May 26, 2024
The authorities have also fined or suspended media outlets for covering politically sensitive topics, including the coronavirus. On July 6, the Communications Authority banned Kwanza TV, an online television station, for 11 months because of its Instagram post reporting on a Covid-19 health alert by the United States Embassy about Tanzania. The authority’s summons letter to Kwanza TV accused the station of being “unpatriotic.”

By Khalifa Hemed
Published January 18, 2019

“The government has consistently let deadlines slip while its forces commit crimes with impunity,” says Mausi Segun, Africa director at Human Rights Watch. “The people of South Sudan deserve justice, not a chain of broken promises, and so the international community should impose consequences.”As clear patterns of repression emerge across eastern Africa, human rights groups are calling upon governments in the region to protect freedoms of expression and association and provide justice for crimes by government security forces.

“We are seeing an alarming backsliding on human rights in East Africa and in the Horn as governments use violence and repression to silence peaceful dissent, while failing to ensure accountability for abuses by their forces,” says Mausi Segun, Africa director at Human Rights Watch (HRW).

RELATED:African Governments Resuscitate Failed Airlines

World Report 2019, a 674-page publication of HRW shows the only eastern African country that seems committed to protecting rights under the period under review is Ethiopia whose new prime minister, Abiy Ahmed, is not only revising repressive laws, but has lifted the state of emergency, ordered the release of tens of thousands of political prisoners, overturned bans on opposition political parties, and had some abusive officials sacked.

HRW says that Ethiopia’s southern neighbour, Kenya, cracked down violently on protesters in opposition strongholds in 2017 and 2018, killed more than 100 people, targeted journalists for reporting on sensitive subjects such as corruption and security and silenced rights workers in the capital, Nairobi, and western parts of the country with arbitrary arrests, threats, and raids on their offices and homes.

RELATED:The Future of Work in sub-Saharan Africa

Ethiopia's new prime minister, Abiy Ahmed, is not only revising repressive laws, but has lifted the state of emergency, ordered the release of tens of thousands of political prisoners, overturned bans on opposition political parties, and had some abusive officials sacked.Ugandan security forces, HRW says, also violently dispersed protests; beating, arbitrarily detaining, and at times torturing protesters, journalists, and opposition politicians.

Tanzania had a marked decline in respect for free expression, association, and assembly since the election of John Pombe Magufuli as President in 2015. Authorities have harassed and detained journalists, opposition members, and activists.

RELATED:Tanzania Introduces Airport Security Fees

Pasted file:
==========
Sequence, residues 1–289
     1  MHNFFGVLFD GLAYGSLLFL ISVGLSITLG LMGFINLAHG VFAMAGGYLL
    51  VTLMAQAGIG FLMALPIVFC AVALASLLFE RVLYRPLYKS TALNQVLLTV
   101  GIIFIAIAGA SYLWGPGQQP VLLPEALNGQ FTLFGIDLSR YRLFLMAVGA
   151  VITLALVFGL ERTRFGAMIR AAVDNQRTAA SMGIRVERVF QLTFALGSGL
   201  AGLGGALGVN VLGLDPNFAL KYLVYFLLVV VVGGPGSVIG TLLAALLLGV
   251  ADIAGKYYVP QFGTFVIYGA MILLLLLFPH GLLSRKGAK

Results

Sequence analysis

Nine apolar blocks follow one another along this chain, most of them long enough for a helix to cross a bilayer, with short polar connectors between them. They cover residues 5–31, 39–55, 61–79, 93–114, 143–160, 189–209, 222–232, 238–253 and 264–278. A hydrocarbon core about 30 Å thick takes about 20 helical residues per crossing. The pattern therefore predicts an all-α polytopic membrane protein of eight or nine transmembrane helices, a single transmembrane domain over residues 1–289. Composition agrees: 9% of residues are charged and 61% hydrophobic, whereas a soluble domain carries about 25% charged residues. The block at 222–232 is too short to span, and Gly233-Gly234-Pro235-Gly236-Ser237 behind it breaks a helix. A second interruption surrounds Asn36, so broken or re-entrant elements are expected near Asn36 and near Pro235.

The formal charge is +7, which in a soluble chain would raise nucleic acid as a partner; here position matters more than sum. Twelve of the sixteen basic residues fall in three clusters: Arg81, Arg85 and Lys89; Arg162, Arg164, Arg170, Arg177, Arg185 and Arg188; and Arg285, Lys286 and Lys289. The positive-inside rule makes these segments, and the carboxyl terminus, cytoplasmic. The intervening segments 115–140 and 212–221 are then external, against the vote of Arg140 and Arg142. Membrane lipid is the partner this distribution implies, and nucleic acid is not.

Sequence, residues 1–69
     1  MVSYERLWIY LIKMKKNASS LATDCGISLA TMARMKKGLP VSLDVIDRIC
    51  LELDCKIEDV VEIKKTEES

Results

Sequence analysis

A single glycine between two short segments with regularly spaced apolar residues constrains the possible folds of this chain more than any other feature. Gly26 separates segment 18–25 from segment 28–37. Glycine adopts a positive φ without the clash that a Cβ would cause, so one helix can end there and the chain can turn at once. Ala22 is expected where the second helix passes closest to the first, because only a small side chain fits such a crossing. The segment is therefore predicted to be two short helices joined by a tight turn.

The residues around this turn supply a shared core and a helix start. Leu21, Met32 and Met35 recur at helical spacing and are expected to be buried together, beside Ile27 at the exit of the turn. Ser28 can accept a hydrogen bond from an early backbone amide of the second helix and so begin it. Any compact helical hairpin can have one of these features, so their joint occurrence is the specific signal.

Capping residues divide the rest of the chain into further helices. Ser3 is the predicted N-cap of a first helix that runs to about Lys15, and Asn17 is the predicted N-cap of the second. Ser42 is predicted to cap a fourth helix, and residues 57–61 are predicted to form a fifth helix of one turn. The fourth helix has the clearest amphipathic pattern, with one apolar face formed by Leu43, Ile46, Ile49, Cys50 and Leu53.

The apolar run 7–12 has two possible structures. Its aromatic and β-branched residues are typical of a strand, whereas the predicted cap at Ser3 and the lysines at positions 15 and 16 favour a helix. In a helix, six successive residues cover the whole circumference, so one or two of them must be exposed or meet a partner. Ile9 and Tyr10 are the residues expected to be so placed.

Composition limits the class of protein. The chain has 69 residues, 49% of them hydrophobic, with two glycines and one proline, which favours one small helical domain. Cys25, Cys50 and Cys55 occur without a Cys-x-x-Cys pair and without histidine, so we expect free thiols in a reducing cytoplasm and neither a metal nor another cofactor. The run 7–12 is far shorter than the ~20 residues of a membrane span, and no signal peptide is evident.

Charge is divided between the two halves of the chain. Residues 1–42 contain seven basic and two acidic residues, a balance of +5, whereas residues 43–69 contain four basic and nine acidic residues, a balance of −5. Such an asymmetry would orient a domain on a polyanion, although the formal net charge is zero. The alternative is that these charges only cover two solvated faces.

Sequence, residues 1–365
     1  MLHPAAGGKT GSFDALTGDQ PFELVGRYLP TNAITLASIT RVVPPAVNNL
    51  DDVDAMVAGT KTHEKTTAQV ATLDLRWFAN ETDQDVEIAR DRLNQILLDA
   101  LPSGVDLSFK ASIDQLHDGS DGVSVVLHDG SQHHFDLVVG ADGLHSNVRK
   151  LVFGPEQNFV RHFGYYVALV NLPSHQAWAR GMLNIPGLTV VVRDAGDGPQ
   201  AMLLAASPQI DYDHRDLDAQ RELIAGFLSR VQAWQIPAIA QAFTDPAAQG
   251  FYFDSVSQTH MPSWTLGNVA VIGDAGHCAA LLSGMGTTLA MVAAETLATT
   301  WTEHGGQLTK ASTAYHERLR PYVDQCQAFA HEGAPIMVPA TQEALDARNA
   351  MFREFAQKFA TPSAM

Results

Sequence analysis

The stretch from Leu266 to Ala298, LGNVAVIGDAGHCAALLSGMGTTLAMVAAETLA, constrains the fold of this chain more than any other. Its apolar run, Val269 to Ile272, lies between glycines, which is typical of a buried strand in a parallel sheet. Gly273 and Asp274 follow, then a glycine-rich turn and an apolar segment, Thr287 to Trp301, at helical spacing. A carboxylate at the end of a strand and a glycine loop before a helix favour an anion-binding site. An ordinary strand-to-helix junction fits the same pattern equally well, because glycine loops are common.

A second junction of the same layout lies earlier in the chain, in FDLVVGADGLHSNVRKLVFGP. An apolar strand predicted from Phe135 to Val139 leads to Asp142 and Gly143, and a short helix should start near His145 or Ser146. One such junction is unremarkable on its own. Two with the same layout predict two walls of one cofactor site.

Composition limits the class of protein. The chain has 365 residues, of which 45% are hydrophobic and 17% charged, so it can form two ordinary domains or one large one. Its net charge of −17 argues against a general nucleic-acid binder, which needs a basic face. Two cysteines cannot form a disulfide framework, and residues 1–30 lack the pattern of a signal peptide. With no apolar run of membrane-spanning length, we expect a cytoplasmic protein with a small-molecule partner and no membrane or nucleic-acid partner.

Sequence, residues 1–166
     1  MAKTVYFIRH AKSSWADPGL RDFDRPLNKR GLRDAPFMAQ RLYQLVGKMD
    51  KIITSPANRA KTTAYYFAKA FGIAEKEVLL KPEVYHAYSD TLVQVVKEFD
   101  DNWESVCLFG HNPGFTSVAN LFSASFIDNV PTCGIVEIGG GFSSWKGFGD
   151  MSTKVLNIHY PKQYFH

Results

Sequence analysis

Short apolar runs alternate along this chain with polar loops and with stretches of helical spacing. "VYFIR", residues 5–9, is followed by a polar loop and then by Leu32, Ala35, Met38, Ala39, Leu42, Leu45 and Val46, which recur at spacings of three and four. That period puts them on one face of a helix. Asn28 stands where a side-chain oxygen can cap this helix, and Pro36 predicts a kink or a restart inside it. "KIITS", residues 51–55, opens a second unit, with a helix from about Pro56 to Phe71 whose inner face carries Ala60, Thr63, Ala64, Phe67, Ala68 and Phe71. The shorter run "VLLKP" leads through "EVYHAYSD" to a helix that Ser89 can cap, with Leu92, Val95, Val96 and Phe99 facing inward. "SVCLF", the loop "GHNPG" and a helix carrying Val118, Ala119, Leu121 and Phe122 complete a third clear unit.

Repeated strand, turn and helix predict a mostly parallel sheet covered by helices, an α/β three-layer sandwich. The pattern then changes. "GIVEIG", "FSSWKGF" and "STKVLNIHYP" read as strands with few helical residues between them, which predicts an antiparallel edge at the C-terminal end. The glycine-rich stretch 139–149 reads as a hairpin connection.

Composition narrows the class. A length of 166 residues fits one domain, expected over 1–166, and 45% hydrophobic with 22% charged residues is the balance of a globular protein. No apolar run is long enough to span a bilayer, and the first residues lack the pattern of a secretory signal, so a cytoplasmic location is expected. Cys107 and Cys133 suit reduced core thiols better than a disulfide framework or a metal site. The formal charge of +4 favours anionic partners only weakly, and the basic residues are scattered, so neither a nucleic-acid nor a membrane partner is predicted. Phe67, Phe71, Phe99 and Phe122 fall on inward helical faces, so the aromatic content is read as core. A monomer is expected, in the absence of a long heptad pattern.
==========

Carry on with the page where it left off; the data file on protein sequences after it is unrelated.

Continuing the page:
Sudanese government forces attacked and destroyed dozens of villages in Jebel Mara, in Central Darfur, forcing thousands of people to flee, according to World Report 2019. HRW says security forces violently dispersed protests and detained activists, journalists, bloggers, and opposition politicians, bringing trumped up charges carrying the death penalty against activists.

Tanzania had a marked decline in respect for free expression, association, and assembly since the election of John Pombe Magufuli as President in 2015. In South Sudan, fighting between government and rebel forces continued. Government forces carried out abusive counter-insurgency operations in areas west of Wau; killing, looting, and destroying villages, while sexual violence surged in the former Unity state. The country’s leaders, HRW says, have made no progress after its agreement to create an African Union-South Sudanese hybrid court to try the most serious crimes committed since the start of the war five years ago.

RELATED:EAST AFRICAN COMMUNITY TO MAKE REGIONAL TRADE FASTER AND SIMPLER

In Somalia, fighting, insecurity, lack of protection by the government, and recurring humanitarian crises had a devastating impact on civilians in 2018, HRW says. Security forces killed and wounded civilians during fighting over land and control of roadblocks, and disarmament operations, particularly in Mogadishu and Lower Shabelle. There were targeted attacks on media, including harassment, and arbitrary detention, with authorities seldom investigating killings or attacks on journalists.

Eritrea, HRW says, has no independent media, organised civil society, political parties, or judiciary, and arbitrary detention remains commonplace. Citizens are forced into national service for indefinite periods, often in the military, and thousands flee Eritrea each month.

RELATED:Eastern Africa Focuses on Strengthening Regional Integration Through Continental Free Trade Area 

Leave a Reply

Your email address will not be published. Required fields are marked *

Share via
Copy link
Powered by Social Snap